The great thing about these characters is they are all, except for the White Walkers, living flesh and blood — people who have been really damaged by family relationships, by upbringing, by societal restraint, by all that good stuff. There doesn’t seem to be a functional family in Westeros. I just move forward with [Cersei] in the way of somebody who had a really [bad] childhood. Like most of us who become parents, we don’t want to retread a past that didn’t work and she’s trying really hard not to do that.

What drove Cersei to confess her relationship with her brother Jaime to her father, Tywin, in the Season 4 finale?

I think the death of Joffrey made her a little less controlled. She’s always been afraid of her father — I think that’s held her back. I think she was genuinely at a moment where she thought, “You know what … you old bastard. I’m going to let you have it.”

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I added the scans of this month’s TV Guide Magazine which features Cercei and Jamie. Remember ‘Game of Thrones’ will premiere on April 12th.

Gallery Link:
Magazine Scans > Scans From 2015 > TV Guide Magazine – April 2015

 

Here’s the video interview done during the cover shoot of this month’s TV Guide magazine (which I will upload later on)

 

It’s Lena Headey’s birthday, and she’s spending it in total emotional turmoil, shooting a grueling top-secret scene from the upcoming fifth season of HBO’s Game of Thrones. We’re in Dubrovnik’s historic Old Town district, where the tourists (and, HBO suspects, a few sneaky paparazzi) are jockeying for vantage points on the city’s high stone walls to get a look down at the pivotal moment. Crew members erect a large screen to hide Headey from all the watchers on the wall.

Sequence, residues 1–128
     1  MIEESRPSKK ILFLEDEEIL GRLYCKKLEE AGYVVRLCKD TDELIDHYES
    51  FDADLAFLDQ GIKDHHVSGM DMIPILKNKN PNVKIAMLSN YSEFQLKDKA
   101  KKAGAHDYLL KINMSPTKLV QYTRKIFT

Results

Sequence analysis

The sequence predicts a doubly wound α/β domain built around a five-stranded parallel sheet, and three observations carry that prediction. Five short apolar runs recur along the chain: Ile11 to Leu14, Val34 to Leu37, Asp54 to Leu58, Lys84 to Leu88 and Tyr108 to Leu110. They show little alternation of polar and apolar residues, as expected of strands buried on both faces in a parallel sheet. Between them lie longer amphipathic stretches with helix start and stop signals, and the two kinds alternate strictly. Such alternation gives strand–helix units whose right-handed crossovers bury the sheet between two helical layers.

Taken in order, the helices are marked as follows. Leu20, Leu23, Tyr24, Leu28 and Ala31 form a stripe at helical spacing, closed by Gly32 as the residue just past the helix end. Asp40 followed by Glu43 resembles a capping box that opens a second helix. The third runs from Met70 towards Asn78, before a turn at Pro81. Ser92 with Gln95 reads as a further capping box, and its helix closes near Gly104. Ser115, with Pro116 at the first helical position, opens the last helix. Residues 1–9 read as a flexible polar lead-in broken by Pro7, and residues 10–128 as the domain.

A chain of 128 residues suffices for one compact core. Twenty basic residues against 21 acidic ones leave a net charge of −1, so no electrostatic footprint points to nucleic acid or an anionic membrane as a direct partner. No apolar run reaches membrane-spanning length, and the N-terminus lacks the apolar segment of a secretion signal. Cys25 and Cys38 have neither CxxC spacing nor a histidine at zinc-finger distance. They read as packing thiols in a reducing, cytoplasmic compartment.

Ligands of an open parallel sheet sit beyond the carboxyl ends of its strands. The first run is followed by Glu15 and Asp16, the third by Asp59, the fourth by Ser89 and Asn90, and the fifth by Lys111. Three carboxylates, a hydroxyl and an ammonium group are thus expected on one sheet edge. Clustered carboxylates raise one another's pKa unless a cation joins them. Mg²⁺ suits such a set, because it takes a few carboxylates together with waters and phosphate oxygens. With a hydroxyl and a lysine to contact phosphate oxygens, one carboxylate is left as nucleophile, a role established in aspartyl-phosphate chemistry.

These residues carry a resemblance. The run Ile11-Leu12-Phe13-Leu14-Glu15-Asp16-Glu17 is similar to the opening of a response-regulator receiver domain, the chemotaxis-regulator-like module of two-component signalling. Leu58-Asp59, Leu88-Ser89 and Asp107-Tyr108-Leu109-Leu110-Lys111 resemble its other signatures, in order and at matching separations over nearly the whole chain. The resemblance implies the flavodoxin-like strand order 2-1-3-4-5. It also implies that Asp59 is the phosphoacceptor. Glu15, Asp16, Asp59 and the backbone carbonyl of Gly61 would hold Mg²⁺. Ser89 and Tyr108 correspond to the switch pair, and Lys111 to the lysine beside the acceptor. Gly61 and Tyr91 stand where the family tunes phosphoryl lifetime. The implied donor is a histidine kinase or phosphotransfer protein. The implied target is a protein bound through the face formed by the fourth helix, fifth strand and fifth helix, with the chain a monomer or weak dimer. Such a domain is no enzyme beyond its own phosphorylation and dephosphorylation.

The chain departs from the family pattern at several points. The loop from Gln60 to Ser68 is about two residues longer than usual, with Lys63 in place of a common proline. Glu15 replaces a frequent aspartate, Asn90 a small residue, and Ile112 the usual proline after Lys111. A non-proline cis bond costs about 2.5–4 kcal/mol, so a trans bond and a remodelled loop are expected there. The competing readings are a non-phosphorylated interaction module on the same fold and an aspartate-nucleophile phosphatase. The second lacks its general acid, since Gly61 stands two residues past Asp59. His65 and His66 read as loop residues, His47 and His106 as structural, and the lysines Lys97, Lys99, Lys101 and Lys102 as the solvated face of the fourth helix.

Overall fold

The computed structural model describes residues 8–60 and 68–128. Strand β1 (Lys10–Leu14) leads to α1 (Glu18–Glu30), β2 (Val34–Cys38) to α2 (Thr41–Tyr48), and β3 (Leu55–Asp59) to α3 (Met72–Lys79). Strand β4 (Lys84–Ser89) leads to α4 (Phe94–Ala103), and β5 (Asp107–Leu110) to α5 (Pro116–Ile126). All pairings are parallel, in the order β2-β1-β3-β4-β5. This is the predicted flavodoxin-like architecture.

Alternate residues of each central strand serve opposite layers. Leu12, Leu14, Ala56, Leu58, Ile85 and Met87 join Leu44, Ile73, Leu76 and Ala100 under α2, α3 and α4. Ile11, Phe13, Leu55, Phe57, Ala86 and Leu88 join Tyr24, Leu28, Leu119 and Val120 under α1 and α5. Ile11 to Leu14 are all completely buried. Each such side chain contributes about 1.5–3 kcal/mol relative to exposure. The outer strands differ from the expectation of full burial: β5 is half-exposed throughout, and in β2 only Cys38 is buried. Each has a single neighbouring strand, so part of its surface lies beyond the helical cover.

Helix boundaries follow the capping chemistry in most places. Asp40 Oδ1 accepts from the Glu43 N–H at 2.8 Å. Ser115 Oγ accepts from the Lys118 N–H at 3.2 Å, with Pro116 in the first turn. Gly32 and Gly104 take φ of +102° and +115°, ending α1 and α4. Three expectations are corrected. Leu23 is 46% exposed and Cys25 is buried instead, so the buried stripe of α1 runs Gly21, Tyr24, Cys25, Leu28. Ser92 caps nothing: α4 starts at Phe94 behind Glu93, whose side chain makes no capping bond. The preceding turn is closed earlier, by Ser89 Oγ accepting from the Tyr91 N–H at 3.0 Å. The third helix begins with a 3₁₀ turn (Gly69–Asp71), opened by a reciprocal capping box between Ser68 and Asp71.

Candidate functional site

Headey gives the performance seemingly everything she has, trying to make sure she delivers what the director needs the first or second time—or else, she explains later, her performance begins to feel artificial. “It’s that weird thing of being an actor,” she says. “I can maybe do two or three scenes if I’m”—she suddenly pretends to wail, then snaps back to her typical cool composure—”and then my truth is finished. I f–king hate ‘lying’ in a scene.”

Later, she’s cheered by a couple visitors: Peter Dinklage and Conleth Hill, two of her favorite scene partners who have come to wish her a happy birthday on their day off. This season, Headey and Dinklage, longtime friends from before Thrones came along, are disappointed that they don’t get to work together; her character, Cersei, remains in Westeros, while Dinklage’s Tyrion is now traveling the continent of Essos.

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Pride and Prejudice and Zombies comes to theaters February 19th, 2016 s is based on Seth Grahame-Smith’s novel of the same name. The story takes the characters from Jane Austen’s literary classic Pride and Prejudice and puts them up against a zombie infestation in 19th Century England. Burr Steers directed the adaptation, which stars Lily James, Sam Riley, Bella Heathcote, Jack Huston, Douglas Booth, Emma Greenwell, Matt Smith, Lena Headey and Charles Dance.